For some patients with an  already obsessive compulsive disorder (OCD) manifested by frequent washing of hands and the fear of contamination, the constant message during the pandemic now to wash hands or fear of infection on common surfaces have acted as a trigger to spiral their anxiety .

“As a person who spent years overcoming OCD for compulsive hand washing, this virus has sent me right back into full on OCD. Thanks again COVID-19. The gift that keeps on giving,” posted one user on Twitter.


“This is a tough time for us OCDers. For those who have been through contamination #OCD, the response to #COVID19 feels like watching our brains being flipped inside out. It’s weird seeing people act in ways (repeated sanitizer, fear of touching stuff) we associate with being ill,” tweeted another.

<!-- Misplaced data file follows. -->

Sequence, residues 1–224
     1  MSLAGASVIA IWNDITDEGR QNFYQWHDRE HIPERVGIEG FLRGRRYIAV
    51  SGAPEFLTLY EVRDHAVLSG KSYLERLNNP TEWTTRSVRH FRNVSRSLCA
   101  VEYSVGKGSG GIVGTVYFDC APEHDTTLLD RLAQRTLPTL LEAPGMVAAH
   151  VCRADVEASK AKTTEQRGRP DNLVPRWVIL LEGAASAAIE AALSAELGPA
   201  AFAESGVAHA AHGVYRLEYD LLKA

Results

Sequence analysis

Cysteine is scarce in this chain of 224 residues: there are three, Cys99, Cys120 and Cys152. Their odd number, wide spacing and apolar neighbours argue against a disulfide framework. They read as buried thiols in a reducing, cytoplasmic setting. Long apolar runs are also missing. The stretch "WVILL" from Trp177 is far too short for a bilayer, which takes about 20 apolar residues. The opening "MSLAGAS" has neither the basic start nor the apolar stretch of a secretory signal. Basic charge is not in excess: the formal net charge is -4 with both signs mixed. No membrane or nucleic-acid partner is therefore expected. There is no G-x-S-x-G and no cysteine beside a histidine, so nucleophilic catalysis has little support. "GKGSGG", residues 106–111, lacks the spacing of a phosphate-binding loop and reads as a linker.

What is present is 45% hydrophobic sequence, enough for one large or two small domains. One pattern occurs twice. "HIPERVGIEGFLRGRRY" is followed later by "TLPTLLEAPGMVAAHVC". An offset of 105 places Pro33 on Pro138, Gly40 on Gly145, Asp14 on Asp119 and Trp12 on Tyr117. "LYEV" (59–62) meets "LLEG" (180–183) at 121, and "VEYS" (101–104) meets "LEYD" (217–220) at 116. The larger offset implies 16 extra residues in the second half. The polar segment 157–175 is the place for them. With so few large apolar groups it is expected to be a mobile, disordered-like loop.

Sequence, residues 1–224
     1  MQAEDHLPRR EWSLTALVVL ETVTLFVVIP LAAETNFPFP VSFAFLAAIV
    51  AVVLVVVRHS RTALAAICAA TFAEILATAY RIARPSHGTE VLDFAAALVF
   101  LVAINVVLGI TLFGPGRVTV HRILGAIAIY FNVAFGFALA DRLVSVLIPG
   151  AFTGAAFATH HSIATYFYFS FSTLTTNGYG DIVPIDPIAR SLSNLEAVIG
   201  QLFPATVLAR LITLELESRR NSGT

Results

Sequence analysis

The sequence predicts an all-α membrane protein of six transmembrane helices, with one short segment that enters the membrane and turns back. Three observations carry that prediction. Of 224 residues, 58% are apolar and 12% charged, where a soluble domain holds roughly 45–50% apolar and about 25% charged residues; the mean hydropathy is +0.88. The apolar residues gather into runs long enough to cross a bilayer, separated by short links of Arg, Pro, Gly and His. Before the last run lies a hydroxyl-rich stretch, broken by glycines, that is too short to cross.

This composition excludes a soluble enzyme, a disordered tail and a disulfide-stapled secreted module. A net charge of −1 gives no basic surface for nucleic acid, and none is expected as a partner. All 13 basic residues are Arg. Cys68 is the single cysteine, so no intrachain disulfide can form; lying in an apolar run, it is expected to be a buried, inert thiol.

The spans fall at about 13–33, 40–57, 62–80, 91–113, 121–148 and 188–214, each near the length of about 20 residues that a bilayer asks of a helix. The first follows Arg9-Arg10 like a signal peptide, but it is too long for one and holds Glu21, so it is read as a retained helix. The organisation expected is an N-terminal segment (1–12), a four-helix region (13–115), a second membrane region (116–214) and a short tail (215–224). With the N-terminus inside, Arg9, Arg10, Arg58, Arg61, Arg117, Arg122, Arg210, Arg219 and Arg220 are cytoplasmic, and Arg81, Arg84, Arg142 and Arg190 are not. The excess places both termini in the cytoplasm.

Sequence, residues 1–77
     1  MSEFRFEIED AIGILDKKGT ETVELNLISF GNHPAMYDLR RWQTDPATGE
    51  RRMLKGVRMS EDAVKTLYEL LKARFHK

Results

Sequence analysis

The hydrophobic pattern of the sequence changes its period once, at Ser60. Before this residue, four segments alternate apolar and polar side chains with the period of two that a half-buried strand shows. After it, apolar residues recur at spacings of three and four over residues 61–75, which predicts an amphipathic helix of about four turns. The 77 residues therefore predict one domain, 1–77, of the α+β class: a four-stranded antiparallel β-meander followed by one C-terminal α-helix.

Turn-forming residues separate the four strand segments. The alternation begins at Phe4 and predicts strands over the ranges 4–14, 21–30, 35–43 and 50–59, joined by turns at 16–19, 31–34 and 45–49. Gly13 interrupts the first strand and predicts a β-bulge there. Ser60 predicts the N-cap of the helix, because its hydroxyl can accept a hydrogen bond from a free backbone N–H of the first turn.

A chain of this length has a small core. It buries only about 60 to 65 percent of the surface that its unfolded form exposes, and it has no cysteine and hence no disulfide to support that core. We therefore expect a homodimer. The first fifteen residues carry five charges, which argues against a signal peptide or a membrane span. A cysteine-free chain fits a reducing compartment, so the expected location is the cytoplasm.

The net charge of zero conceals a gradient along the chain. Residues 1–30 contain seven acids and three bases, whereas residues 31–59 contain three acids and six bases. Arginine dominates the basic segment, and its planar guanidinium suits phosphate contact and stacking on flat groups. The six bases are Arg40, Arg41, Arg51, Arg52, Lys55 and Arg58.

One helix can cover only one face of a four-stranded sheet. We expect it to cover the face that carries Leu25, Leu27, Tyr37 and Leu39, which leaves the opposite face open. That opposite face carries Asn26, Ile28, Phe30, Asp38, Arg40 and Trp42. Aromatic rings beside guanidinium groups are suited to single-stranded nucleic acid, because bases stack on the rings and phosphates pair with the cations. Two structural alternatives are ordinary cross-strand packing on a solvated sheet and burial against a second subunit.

“With most OCD patients the underlying reason is anxiety. If they have anxiety for contamination they will have a higher urge to wash hands among other compulsive activities. But when we work with OCD patients, we work with a bio-psycho-social approach. We explain what are the biological reasons for their fear, what are the psychological and social reasons. We also tell them how to cut down on this behaviour. I think these patients should also get good information in the form of flyers and online counselling,” advised Dr Sharma.

Related news: Counsellors reach out to the quarantined to alleviate fears

(Recognise mental health and psychological issues in people around you, say doctors. Be supportive, if the condition continues contact NIMHANS’ Pan-India helpline 080- 46110007)